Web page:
And then Thomas Jefferson’s partner at the end of his life was Sally which was one of his slaves, and how incredibly loyal she was. And how even though it wasn’t, like, politically correct at the time or whatever. But these two women were partnered and taking care of Thomas and had and had a really great relationship. I don’t know, all of that just shows me how we can from a DEI perspective, diversity, equity and inclusion and how these two women like kind of work crossing those boundaries way back when you know. Because they loved Thomas, which I think you’re so cool. Yeah.

Melanie: I mean, I liked on the My Dear Hamilton when it was interesting, too, because it’s from Eliza’s perspective, and I’m switching into more of the I think calling her Eliza is more Hamilton, like the musical. But I think, you know, the other thing is Hamilton was an incredible leader and visionary. But he had the support. And so I do think that that’s interesting, as well as like, who are the people who surround somebody who’s becoming that leader?

Nicole:  Yeah. And she, she, too, was wildly loyal, you know, even after he cheated, and whenever I mean, so. And hey, listen to everybody. Listen to all these great ladies. I’m just saying it. But anyway, yes. But it’s pretty cool. Yeah, that’s right. That’s right. No, but we love you fellows. That’s for sure. All right. So here’s the thing I want to I want to ask you, I know we’ve been talking for about an hour, I’ve had an absolute delightful time talking to you. So here’s what I want to ask you. 

I want to ask you one little final question here. You know, if there was one special listener out there, and they’re like, oh, Melanie drop me one more nugget. What little nugget would you drop for them? You know, like, here’s things to think about. So you know, you’ve told us have a growth mindset. You’ve said, you know, you’ve got you’ve got to be vulnerable, you’ve given us all sorts of little goodies along the way. You got to look at the customer experience, way deeper leaders. Wake up, wake up. What else would you share?

Melanie: You know, what I would, what had first come to mind is different then I had a second thought that popped in. So the first thing was.

Nicole: Do both, you can do both.

Melanie: Yeah. So no matter even if you’re a really effective leader keep working to become better. And I think we can and I’d encourage people to be really creative about how they approach, that doesn’t have to be reading fiction, that’s not everybody’s thing. And I’m not trying to convert people who don’t enjoy that. But be creative and maybe playful with how your professional or personal development however, this wherever that fits into your life for you. Just keep working on it. And don’t take it for granted.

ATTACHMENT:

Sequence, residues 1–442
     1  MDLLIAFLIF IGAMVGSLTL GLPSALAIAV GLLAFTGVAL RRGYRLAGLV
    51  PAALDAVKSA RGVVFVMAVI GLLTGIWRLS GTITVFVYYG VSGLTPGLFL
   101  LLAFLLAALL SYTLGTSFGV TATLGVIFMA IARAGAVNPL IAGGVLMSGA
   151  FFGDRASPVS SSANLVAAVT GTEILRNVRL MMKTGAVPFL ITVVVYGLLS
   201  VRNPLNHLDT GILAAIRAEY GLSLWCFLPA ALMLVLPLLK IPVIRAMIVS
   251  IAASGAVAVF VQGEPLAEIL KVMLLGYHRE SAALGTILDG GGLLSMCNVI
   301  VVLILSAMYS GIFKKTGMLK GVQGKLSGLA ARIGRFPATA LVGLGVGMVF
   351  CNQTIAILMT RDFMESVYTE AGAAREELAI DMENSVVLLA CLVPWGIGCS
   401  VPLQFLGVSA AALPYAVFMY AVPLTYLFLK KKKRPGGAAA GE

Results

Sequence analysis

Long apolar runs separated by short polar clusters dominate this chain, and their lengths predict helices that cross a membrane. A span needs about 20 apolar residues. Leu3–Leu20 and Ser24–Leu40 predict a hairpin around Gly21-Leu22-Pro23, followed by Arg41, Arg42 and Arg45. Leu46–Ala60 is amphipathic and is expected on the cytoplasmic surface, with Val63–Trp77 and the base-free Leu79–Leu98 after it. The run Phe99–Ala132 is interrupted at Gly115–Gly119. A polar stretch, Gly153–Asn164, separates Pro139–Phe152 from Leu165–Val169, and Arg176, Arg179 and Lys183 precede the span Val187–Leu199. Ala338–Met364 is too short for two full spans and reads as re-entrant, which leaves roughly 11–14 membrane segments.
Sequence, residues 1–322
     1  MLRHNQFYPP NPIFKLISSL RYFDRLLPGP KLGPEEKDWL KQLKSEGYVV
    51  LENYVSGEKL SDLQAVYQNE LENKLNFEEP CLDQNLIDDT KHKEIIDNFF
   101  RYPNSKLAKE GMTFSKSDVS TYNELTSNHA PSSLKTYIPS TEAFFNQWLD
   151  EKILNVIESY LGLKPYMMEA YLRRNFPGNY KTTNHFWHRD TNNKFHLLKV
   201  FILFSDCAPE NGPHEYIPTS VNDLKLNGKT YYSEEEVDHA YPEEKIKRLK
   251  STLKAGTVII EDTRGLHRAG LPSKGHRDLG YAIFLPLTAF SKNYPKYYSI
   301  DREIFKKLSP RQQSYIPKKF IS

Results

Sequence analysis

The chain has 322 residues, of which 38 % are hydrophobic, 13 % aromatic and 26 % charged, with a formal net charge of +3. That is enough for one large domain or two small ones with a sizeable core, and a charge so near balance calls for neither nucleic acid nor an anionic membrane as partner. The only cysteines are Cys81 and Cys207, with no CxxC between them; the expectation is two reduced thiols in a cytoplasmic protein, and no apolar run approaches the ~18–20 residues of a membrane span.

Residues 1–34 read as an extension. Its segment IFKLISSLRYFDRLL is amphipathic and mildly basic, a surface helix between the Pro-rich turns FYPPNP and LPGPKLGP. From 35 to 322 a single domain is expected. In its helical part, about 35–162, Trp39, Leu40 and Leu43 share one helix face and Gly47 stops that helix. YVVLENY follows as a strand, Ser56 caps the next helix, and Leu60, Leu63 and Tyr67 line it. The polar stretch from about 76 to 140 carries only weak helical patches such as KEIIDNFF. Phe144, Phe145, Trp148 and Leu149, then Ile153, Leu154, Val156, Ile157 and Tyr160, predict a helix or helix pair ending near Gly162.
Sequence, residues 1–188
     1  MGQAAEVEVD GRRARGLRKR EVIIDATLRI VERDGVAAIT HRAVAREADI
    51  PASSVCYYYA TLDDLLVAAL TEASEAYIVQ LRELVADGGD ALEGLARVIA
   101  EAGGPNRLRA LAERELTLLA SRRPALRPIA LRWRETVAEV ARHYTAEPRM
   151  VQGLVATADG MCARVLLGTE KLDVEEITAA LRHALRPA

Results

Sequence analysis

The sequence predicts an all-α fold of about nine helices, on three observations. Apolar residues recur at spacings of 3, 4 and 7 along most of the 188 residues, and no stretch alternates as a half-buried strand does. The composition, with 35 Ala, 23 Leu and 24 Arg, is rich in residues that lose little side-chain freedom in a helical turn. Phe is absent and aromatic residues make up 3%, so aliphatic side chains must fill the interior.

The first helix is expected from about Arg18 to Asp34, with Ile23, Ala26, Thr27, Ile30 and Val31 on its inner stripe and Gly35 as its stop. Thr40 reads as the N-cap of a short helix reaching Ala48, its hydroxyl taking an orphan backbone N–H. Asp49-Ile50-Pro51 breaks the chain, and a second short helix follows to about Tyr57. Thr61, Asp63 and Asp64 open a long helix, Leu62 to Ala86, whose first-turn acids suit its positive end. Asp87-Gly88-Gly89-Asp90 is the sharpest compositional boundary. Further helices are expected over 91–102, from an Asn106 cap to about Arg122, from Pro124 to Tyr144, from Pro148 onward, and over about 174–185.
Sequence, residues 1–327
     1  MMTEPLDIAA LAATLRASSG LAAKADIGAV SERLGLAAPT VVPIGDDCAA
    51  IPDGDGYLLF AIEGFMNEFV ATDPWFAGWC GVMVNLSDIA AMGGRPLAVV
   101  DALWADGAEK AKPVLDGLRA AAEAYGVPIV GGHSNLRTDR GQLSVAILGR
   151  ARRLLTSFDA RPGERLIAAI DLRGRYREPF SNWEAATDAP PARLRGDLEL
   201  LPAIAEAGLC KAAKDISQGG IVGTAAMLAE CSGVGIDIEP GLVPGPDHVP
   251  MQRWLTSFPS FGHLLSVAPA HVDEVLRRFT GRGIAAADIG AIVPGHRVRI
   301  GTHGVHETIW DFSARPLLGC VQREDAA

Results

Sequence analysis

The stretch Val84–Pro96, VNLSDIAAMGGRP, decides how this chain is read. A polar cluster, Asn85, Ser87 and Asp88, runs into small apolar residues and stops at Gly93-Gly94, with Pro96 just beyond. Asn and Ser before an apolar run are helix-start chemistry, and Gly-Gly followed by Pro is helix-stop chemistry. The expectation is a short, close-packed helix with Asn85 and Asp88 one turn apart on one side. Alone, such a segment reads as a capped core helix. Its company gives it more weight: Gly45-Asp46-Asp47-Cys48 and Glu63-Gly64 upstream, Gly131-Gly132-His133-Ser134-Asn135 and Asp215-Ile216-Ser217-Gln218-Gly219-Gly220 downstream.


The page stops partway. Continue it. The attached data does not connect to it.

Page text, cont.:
But the second thing is almost an ask, rather than a piece of advice, which is, is there somebody who’s in your world who might be struggling? Or is taking that first leadership role? And can you give them some pointers? So first of all, grace with their learning curve. But then also, yeah, I mean, how, think about how you can develop leaders around you, especially for people who are early in their, in their career path.

Nicole: Yeah. And so I’m gonna go back to something you said again, because yeah, just to enhance it. You know, she said, she had this leader that sat down with her and said, hey, look, here’s the competencies. That is not always everywhere in every company, unless you’ve got some kind of fantastical learning and development team working there, or an HR department, advanced or whatever. But like to say now, like here are eight things. And now the the new manager has a little clarity and a place to grow from. So essential.

Melanie: Yeah, I think it helps. Just knowing that you’ve got somebody on your side, like if you’ve taken the time to kind of go, hey, here’s here’s a roadmap, or here’s what we should be looking for. Here’s what you might want to pay attention to. Just think, just having that support is huge.

Nicole: Yeah, yeah. And here’s the thing. We want to follow leaders that know, that care, that we know care. I mean, that’s just the end of the you know, exclamation point, right? All right, everybody. Well, we have been here for an hour with Melanie Bell. We wish we had three more hours but we don’t. Maybe we’ll do a second episode with Ms. Melanie Bell. All right. Well, here’s what we can do everybody. We can find her at www.leaderswhofiction.com

You can get on there, join up, join one of her groups and read a great book and get to know her personally. Also, don’t forget you can find her on LinkedIn. So it’s LinkedIn. And of course you just Google Melanie Bell and look for her there. She’s on Facebook and also on Twitter so you can find her all over social media. She’s a marketing person. She’s out there. Melanie, it’s been so great to be with you. I am so grateful for your time and energy. 

Melanie: Thank you so much, Nicole.

Nicole: Thank you for being on the Vibrant Culture podcast. 

Melanie: Thank you.

Voiceover: Ready to build your vibrant culture? Bring Nicole Greer to speak to your leadership team, conference or organization to help them with her strategies, systems and smarts to increase clarity, accountability, energy and results. Your organization will get lit from within. Email Nicole@nicolegreer.com. And be sure to check out Nicole’s TEDx talk at nicolegreer.com.